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Seven ways to buy groceries and save money

April 12, 2024

Prices around the country are on the rise. Here’s everything you need to know to shop smart, get a deal and keep your costs low.

No matter what’s happening in the world economy, stocking up your kitchen pantry to feed yourself and your family is a necessary weekly ritual. While inflation is on the decline, prices for many goods are still up, which can impact your food and grocery budget. 

Even though we can’t do anything about the rising prices, we can shop strategically for food to keep our personal economy and budget under control. Here’s a few ideas.


Yes, this is one you’ve heard before, but it bears repeating. Regardless of what you’re buying — from groceries to clothing— the secret to saving money is deciding how much you want to spend before you go to the store. A good baseline is to spend $100 to $150 per person, per month, when grocery shopping. Break it down based on weekly or biweekly shopping needs.

And if you’ve been tracking your spending for a while and you find that you often go over-budget on food, try taking the money you’ve budgeted in cash, and commit to only spending the amount you have on you. You may find this philosophy forces you to get creative in ways you hadn’t considered. 


Before you head to the grocery store, make a list of everything you need to satisfy the meals you want to cook for the week. When you know exactly what you want to cook, you’ll enjoy less waste and be able to maximize your dollars. As you’re scribbling down your menu ideas, cross-reference what you already have in your pantry and fridge. While this extra step may take time, it helps you to have a firm understanding of what you already have on hand, rather than buying items you don’t need. 

Meal prep has long been a favorite move for people trying to stick to a diet or keep their weekly calorie count in line, but it’s also one of the top recommendations for cost-cutting on the grocery budget. Roast veggies ahead and have a great side ready for dinner or think about making your lunches for a few days and you will be less likely to eat out.


Just because you’ve always gone to Hannaford or Whole Foods for your groceries doesn’t mean that those are the only stores you should frequent. Yes, this will require some detective work to figure out exactly what products are the cheapest at which stores, but chances are your efforts will be worth it. Check the ads (online and the ones that come in the mail) and build your menus and shopping list from what is on sale. You may need to go to a few different stores to get what you need and to maximize your food budget. The goal here is to get everything you need while spending the least amount of money.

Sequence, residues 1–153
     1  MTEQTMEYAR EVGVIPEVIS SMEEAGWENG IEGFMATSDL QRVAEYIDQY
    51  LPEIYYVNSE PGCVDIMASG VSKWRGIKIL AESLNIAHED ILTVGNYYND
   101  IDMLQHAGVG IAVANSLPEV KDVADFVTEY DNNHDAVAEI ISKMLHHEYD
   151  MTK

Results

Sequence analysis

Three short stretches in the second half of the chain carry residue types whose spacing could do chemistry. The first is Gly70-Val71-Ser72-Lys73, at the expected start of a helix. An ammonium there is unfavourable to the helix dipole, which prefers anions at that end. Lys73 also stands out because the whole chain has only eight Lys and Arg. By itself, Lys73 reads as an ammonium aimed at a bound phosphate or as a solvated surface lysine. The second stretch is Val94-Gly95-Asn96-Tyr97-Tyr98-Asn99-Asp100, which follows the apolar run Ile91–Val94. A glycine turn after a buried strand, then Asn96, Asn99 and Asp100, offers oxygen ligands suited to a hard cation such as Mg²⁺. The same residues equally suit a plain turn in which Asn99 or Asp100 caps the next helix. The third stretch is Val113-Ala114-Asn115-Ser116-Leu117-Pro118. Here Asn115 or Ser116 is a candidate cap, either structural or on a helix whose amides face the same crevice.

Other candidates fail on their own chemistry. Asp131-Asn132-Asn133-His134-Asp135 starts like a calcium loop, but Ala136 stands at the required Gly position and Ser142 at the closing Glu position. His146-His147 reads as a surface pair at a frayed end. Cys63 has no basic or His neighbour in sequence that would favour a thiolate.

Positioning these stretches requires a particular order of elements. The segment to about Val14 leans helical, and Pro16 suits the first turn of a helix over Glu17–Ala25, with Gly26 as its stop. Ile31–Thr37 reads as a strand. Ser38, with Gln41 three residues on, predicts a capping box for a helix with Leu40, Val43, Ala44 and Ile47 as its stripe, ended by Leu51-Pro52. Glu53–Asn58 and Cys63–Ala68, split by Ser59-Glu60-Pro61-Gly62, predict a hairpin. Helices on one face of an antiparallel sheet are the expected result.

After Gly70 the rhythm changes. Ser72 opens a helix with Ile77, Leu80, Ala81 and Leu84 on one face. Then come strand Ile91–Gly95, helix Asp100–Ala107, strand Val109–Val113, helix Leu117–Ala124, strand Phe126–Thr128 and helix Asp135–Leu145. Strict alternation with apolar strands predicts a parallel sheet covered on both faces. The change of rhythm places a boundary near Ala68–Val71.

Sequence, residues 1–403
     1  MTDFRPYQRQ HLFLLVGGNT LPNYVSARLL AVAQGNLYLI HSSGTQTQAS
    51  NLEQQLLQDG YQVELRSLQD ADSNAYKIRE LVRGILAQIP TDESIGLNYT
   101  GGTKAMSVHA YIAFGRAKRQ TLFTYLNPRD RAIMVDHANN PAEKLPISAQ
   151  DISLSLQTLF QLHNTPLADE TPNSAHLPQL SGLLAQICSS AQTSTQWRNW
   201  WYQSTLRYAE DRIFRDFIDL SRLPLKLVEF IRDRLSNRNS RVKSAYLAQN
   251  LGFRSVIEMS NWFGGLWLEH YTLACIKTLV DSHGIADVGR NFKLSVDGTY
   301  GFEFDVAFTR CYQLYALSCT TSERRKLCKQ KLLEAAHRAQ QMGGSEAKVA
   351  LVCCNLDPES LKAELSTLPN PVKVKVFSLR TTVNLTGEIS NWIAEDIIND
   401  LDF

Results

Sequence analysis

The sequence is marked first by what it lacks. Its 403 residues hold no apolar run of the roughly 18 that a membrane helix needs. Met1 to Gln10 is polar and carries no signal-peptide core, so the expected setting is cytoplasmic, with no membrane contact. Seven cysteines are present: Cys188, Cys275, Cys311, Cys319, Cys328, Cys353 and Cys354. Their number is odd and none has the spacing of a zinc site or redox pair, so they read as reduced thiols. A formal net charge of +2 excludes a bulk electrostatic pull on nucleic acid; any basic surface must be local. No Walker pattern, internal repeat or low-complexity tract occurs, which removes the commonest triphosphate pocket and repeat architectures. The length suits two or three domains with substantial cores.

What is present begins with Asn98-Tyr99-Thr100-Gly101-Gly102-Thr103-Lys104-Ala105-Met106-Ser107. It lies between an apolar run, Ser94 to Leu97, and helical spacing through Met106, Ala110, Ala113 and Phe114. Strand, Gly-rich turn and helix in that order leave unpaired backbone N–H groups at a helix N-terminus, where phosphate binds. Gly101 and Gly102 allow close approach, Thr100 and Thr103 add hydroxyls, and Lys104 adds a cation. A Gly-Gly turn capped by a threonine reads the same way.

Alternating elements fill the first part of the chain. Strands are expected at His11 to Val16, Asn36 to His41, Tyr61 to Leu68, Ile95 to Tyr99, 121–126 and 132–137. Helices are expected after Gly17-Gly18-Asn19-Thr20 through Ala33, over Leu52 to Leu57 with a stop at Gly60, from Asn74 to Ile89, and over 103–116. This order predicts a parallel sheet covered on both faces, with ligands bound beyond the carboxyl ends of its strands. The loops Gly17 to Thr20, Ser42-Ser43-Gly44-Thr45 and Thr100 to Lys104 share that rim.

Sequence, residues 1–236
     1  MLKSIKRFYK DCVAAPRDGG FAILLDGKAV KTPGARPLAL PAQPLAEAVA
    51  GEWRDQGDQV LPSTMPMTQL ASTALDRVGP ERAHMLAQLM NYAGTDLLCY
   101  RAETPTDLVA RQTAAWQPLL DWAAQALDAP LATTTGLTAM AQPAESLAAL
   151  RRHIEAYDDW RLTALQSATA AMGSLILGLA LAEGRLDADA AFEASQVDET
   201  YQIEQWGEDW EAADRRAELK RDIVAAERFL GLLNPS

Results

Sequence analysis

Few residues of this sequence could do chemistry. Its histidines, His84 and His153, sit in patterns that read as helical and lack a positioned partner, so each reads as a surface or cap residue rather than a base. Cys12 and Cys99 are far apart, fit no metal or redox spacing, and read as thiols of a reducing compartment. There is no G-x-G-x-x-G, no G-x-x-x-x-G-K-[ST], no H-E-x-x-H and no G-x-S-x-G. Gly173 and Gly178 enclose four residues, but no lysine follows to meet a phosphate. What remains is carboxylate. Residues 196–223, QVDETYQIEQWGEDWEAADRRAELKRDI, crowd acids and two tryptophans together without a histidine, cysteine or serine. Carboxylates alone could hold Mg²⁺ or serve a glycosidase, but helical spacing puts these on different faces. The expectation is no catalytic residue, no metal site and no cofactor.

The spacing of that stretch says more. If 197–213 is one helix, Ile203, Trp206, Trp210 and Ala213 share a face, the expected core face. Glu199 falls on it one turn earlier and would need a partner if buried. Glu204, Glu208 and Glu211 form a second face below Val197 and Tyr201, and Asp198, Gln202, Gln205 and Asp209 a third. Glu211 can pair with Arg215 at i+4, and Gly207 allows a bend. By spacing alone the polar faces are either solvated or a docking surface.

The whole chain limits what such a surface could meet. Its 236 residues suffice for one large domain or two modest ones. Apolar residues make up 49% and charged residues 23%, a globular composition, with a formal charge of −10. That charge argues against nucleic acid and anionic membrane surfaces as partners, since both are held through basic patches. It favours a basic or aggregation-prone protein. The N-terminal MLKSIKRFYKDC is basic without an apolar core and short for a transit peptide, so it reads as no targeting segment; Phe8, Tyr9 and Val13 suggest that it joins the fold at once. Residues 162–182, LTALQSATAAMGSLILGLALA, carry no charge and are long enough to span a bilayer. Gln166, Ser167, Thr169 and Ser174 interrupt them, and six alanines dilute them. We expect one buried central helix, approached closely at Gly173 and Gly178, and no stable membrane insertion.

Picture yourself at the register. You see a magazine you’d like. And then a candy bar. And maybe a bottled water. And you know that a prepared meal would make dinner so much easier, even if it’s double the price of making it yourself. Yes, impulse items can really add up.

The best way to stop unplanned purchases is to avoid temptation in the first place.  Think about taking advantage of your local supermarket’s app or website to do your shopping. Chances are you will more likely just buy the things you need and not be swayed by things you don’t.

Yes, it is good to leave some room in your budget for an occasional splurge, but you can save hundreds of dollars each year by getting in the habit of cutting out most impulse buys.


And by “list,” we mean the email loyalty program with your favorite retailers or brands. Subscribe to their emails and engage with them on social — this is where you can find deals and offers that aren’t necessarily shared with the public.

A big part of creating a money-saving habit is to know how and where to save — and when. You can always unfollow or unsubscribe if a particular brand feels too spammy, or they’re not delivering the value you’re looking for. But for the brands you love, it’s worth it to engage with them and stay informed.


The most expensive thing most families add to their grocery cart these days is usually meat. Inflation has hit beef, pork, fish, and chicken costs more than almost any other product, which means you’re going to be spending more for your go-to proteins. 

To cut back on the cost, find recipes that have meat as an ingredient rather than the main attraction. Or consider buying meat in bulk when on sale at your supermarket or wholesale club store and freeze what you don’t eat. Also remember that processed lunch meat is often much more costly than meat you cook yourself. It’s cheaper to buy, for instance, a rump roast and slice it thinly for sandwiches. Buy bacon and cold cuts when on sale to save.


If you’re feeding several people in your household (or even if you’re flying solo and you have a lot of closet space!) buying in bulk can make a significant difference to your grocery cost bottom line. Warehouse clubs and discount department stores will often have the best deals and lowest unit prices. Remember, buying in bulk only saves you money if you use the products and you don’t let them go to waste.

Buying large packages that will last a long time will have you spending less over time.  Purchase paper goods, laundry and cleaning supplies, vitamins, and dry pantry ingredients like rice, oil, pasta, etc., to save.

If you want some help with building a budget or have other questions about your personal finances, reach out to a Town & Country representative by emailing us at, calling 800-649-3495 or book a consultation here.

Adapted from HerMoney by Jean Chatzky, January 10, 2024

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